Furthermore, with a conventional fiber infrastructure, Forsythe would have achieved only three of the nine of its clients’ wish-list criteria of needs and minimally at that-hybrid cost efficiencies, scalability to migrate from 10, 25, 40, 100 and 400G, and futureproofing. Hybrid cost efficiencies can be affected by space savings and conventional cable is much larger when compared to eABF MicroCable. Both scalability for higher data rates and futureproofing could be achieved, but would require the additional expense of installing dark fiber that could go unused, while forfeiting the quick installation of any new fiber-type innovations. The Dura-Line FuturePath MicroDuct and AFL eABF technologies, on the other hand, successfully execute Forsythe’s entire client wish-list criteria, negate all conventional infrastructure disadvantages, and introduce a new set of advantages that further benefit both Forsythe and its clients.

Forsythe’s air-jetted fiber infrastructure

Bundled Dura-Line FuturePath MicroDucts from Forsythe Data Center’s proprietary air-jetted fiber infrastructure pathway. The bundled MicroDuct replaces traditional innerduct and can replace conduit due to its robust, protective jacket, an important feature for the ultimate fiber protection sought by Forsythe decision makers. Providing flexibility in network infrastructure design, the MicroDucts come in various bundled configurations containing 1 to 24 empty 8.5mm x 6mm inner MicroDucts and include high-density polyethylene (HDPE) OSP, riser, plenum and low-smoke/zero-halogen options as dictated by the location in the network.

eABF MicroCables can be blown through the Dura-Line MicroDucts anytime and anywhere at a moment’s notice using only two installers, allowing for fiber to be installed into a client suite in an unprecedented 20 minutes.

For the Forsythe Data Center, 24-way riser-rated FuturePath MicroDucts (containing 24 inner microducts) were deployed for the facility’s backbone and the meet-me rooms; seven-way for the distribution applications in the network, and two-, three-, or four-way to the final drops at each client suite.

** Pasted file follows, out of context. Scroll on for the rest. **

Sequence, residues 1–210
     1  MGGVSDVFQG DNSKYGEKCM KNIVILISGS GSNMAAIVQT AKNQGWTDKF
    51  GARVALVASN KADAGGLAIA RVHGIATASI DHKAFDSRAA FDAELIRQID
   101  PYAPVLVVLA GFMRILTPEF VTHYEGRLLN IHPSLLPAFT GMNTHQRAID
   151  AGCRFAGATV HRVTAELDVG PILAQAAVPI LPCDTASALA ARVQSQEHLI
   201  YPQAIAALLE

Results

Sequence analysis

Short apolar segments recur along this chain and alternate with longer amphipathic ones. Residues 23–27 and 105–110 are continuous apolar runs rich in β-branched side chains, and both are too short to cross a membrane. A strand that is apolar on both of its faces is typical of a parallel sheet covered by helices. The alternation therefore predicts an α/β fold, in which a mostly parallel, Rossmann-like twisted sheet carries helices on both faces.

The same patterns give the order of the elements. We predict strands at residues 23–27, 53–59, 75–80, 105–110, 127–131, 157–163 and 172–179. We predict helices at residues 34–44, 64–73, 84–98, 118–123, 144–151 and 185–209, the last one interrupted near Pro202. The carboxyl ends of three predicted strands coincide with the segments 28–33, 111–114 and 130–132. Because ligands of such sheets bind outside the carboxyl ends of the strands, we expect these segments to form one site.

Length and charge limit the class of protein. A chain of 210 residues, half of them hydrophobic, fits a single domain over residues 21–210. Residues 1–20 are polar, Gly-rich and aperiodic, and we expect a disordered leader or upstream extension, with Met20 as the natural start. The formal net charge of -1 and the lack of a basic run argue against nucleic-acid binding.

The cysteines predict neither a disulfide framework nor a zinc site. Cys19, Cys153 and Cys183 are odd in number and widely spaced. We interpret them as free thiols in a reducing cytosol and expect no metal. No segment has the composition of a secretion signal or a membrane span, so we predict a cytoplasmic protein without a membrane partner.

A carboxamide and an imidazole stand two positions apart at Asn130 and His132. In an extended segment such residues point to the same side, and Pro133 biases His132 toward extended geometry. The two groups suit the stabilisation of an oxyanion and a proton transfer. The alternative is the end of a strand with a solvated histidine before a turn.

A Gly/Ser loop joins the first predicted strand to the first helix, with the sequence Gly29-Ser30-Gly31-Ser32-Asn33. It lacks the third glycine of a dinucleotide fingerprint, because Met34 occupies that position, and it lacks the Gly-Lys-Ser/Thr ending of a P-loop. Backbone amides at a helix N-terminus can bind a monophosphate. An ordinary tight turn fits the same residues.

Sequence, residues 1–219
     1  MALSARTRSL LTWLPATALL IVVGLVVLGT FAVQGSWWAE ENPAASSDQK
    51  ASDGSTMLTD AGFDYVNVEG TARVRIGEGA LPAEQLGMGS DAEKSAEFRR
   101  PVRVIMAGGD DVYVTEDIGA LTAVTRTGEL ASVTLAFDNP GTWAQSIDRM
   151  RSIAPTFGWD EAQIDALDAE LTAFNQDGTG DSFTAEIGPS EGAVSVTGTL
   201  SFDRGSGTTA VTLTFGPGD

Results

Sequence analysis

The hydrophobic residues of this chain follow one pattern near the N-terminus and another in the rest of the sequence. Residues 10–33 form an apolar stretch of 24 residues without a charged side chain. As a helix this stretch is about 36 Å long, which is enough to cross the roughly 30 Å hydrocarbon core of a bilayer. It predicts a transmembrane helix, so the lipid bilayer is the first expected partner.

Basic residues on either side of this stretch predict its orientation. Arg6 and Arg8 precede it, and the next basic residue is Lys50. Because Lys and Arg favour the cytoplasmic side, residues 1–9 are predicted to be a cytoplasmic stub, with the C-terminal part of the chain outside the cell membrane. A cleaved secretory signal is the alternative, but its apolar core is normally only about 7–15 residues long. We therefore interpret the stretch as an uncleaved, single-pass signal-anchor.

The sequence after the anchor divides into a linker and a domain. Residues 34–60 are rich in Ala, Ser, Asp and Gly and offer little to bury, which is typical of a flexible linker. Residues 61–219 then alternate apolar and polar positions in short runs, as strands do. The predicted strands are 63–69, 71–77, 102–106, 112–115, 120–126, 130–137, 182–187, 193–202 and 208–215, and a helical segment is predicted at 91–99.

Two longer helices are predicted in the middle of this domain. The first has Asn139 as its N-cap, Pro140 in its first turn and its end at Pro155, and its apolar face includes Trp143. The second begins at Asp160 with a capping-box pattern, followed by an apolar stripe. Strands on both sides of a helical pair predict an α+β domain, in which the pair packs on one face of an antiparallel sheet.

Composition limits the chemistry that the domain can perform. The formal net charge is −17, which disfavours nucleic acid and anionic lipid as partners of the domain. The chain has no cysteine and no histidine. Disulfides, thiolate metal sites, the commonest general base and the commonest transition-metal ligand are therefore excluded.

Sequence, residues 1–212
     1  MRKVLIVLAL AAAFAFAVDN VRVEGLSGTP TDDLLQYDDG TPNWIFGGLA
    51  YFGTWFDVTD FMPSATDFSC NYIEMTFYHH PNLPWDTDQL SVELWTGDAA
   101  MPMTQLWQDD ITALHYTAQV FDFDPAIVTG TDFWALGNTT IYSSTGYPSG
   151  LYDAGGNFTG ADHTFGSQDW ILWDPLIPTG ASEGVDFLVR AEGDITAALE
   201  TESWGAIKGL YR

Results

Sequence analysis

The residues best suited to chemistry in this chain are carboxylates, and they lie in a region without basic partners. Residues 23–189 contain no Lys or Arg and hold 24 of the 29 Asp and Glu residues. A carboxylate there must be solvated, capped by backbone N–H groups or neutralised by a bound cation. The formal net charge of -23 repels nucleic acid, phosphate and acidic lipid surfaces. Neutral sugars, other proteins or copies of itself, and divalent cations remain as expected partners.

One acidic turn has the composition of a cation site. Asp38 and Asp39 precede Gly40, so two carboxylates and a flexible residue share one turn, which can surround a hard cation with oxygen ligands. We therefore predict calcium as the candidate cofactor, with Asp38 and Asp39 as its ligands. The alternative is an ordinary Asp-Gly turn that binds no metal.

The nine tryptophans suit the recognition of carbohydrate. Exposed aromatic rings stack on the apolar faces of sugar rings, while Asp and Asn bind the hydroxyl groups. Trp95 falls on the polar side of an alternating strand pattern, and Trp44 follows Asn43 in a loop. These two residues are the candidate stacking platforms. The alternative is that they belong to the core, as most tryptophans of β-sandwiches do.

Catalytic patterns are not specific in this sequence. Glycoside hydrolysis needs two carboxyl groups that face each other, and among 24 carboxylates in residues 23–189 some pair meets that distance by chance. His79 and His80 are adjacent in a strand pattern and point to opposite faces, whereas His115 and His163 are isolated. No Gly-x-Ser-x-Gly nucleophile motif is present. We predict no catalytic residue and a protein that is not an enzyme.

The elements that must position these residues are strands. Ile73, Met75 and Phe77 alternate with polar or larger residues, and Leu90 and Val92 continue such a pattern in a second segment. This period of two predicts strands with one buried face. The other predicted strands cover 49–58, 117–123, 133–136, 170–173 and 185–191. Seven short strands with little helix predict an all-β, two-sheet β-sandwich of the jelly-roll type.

Once the MicroDuct pathway was installed, any fiber type and counts of up to 72-fiber eABF MicroCables were air-jetted through the empty inner MicroDucts at speeds of up to 250 feet per minute in a continuous splice-free (zero points of network failure) fiber run throughout the facility. MicroCables are available in all optical fiber types including standard singlemode (OS2), bend-insensitive singlemode, 62.5-micron Om1 multimode, and 50-micron bend-insensitive Om2, Om3, Om4 and Om5 multimode. Both eABF MicroCables and Dura-Line MicroDucts are National Electrical Code (NEC) compliant.

Continuous fiber runs and cost savings

Client suites received exactly the fiber and counts required for their customized data center bandwidth with empty inner MicroDucts left for quick upgrades in their future-ready network. And, fiber jetting using safe nitrogen gas or compressed air required, as usual, only two installers at each end of the pathway, thereby costing a fraction of the labor costs and fraction of the time of conventional cabling methods. Had a conventional infrastructure been in place, futureproofing the client suites would have required the installation of fiber with guesswork about which fiber and counts to use, running the risk of installing a soon-to-become-obsolete fiber type or too few fiber counts for the ever-growing high-density and bandwidth-hungry needs of the data center. With air-jet technology, just quickly and easily jet in the fiber you need when you need it.

Moreover, since the fiber jetting was done behind the scenes in a closet, there is no physical disruption to the data center, no construction work with a crew of installers accessing floors and ceilings, no odd overtime 5:00pm-4:00am installations, and no overtime labor hours. With air-jet technology, fiber installations and MACs can be done during normal business hours discreetly out of view of clients and data center visitors. Try that with a conventional fiber infrastructure.

“When we tell prospective clients that they have protected fiber due to a dedicated Dura-Line pathway and a continuous fiber run from the facility’s entrance, throughout the building, and directly to their suites, they love it,” asserts Vesely. “We’re able to quickly and easily install crossconnects across many cabinets and deliver exactly the fiber and bandwidth needed at unbelievable speeds we’ve never experienced before.”